FRANCE - 'No one has said they are in favour'
Awful. That's how you can sum up the reaction here towards the European Super League. The title of the main column of L'Equipe on Monday morning was "Traitors". In France, no one has said they are in favour. It's either criticism or sadness.
For the moment, PSG is a secondary issue. The real questions are whether this competition will really exist? Will there be bans from domestic leagues? What about international bans for players competing in ESL?
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PSG's and Bayern's decision to not be one of the founding members is wise and coherent. Even President Macron has backed PSG's stance. But it's also a matter of time. Some French media (L'Equipe and RMC) are claiming that the Super League structure wants to have French teams, at least two of which could be PSG and Marseille.
GERMANY - 'Bayern and Dortmund could become second-rate clubs'
We are devastated, but not shocked, about the developments around the Super League. It is just a greedy and hypocritical operation, especially in the middle of a pandemic, when football in general has been granted a special role in comparison to other economic sectors.
But on the other side, I think it was inevitable. It's just too lucrative for these big clubs, especially when they are able to market the TV rights and the competition all over the world by themselves.
It's honourable that Borussia Dortmund and Bayern Munich have positioned themselves against the Super League (for now). BVB CEO Hans Joachim Watzke said on Monday morning that Dortmund still stands behind the decision of the UEFA board and support the revolution of the Champions League. He said he was also speaking for Bayern Munich, even though there has been no official statement from the club or Karl-Heinz Rummenigge yet. But coach Hansi Flick said in a press conference on Monday that he likes the position of Dortmund AND Bayern. A Super League "is not good for European football".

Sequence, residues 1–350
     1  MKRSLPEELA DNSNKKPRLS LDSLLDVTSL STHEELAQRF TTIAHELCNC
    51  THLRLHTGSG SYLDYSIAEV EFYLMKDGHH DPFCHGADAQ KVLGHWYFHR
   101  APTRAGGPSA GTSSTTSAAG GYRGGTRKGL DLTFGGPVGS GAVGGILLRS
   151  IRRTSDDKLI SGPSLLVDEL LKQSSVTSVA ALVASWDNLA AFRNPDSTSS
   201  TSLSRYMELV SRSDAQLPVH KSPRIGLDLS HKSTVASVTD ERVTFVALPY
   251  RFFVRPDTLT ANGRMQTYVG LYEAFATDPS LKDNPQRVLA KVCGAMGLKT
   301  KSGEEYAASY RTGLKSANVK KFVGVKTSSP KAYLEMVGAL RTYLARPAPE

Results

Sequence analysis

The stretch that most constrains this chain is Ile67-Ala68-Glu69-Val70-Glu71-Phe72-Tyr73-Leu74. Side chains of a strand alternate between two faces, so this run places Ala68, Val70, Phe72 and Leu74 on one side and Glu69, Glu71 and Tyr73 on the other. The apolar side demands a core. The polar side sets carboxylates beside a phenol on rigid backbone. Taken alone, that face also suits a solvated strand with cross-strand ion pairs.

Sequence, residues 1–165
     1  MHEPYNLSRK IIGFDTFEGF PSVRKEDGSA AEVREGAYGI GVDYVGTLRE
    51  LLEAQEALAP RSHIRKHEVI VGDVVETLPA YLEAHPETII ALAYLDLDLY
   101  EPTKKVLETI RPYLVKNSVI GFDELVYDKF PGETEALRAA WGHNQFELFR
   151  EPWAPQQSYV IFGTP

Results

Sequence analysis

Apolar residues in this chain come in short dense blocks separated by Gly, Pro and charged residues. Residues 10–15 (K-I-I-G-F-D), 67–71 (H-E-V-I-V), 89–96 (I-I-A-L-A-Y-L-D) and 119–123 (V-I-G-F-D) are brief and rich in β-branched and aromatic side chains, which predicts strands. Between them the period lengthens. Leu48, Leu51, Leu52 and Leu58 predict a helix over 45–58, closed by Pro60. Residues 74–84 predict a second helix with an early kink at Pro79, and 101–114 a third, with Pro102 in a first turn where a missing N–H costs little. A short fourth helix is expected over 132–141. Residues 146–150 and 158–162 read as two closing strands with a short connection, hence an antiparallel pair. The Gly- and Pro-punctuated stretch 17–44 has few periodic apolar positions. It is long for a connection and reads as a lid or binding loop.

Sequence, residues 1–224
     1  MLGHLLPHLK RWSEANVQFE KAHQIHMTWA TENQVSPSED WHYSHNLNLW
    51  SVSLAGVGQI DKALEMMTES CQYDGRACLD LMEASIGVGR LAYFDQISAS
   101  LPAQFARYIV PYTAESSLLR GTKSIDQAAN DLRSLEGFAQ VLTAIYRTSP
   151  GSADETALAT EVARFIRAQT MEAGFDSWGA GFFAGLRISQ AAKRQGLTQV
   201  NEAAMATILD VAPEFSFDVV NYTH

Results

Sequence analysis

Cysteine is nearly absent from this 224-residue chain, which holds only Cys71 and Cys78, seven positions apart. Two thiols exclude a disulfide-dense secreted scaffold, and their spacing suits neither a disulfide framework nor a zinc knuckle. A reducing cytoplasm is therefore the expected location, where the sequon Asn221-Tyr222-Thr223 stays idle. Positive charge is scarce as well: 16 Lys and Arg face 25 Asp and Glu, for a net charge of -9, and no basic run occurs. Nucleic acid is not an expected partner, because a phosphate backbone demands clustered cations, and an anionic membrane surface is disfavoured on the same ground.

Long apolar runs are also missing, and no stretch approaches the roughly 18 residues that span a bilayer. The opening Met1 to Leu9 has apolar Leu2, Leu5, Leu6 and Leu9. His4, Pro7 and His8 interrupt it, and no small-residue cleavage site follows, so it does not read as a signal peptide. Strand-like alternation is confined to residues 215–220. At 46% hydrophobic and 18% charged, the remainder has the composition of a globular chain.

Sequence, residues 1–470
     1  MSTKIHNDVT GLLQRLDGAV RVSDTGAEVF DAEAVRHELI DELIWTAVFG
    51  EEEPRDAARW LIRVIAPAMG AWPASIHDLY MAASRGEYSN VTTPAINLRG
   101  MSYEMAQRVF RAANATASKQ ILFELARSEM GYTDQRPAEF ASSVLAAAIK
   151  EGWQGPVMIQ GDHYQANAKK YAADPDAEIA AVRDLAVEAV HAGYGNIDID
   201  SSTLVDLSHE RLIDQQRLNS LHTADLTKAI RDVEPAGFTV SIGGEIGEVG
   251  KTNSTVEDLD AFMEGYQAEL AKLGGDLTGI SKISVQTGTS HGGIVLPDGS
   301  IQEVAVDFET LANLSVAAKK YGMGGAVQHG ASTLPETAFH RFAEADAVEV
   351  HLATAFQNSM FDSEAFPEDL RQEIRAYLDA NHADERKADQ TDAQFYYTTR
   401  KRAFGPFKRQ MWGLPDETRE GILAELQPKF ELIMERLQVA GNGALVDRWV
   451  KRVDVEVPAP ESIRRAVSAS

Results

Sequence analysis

But in my opinion that's not the end. If Bayern and Dortmund stay strong, they won't be part of the European football elite anymore and become second-rate clubs with less money and less reputation and a less attractive sporting competition. Especially for Bayern, that's hard to imagine...
ITALY - 'Atalanta and others seek ban for Italian rebels'
Dazed. That's the word that sums up the situation in Italy a few hours after the earthquake last night.
Amid the confusion, Repubblica reports that Atalanta, Hellas Verona and Cagliari have asked the Serie A to ban the three clubs - Juventus, Inter Milan and AC Milan - from the Italian league. Meanwhile, the country has responded badly, worrying about the fate of a national championship that is only just showing signs of recovery after so many difficulties.
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SPAIN - 'A greedy competition'
The Super League has been a bombshell in Spain, like the rest of Europe, but the Spanish media doesn't really have a position because of the power and influence Barcelona and Real hold over pretty much every media outlet. But it is a very interesting option for Real, Barca and Atletico, especially because of their financial struggles due to Covid.
That said, the Super League has been recognised as a greedy competition, good for big teams but harmful for small or medium-sized teams. We think it will have a big impact on local competitions.
UK - 'Hated by everybody'
The new Super League is all anyone is talking about and the response to it is universally visceral. This idea is hated by everybody except the men responsible for bringing it into the world.
As an insight into the overwhelmingly negative response to this, while Manchester City and Manchester United have published the statement on their websites, they haven't tweeted it out - presumably because they know the furious response it will receive.
I suppose the UK is at the epicentre here with as many as six clubs all signed up already, and let's be clear, restructuring football competitions in pursuit of unfettered greed is hardly a new phenomenon. But this feels different.
Perhaps the best response was from Gary Neville on Sky Sports as he described this as a "criminal act" and called on the Premier League to relegate Arsenal, Manchester United and Liverpool. This is being universally condemned today: by fans, pundits, reporters, supporter groups and football institutions.
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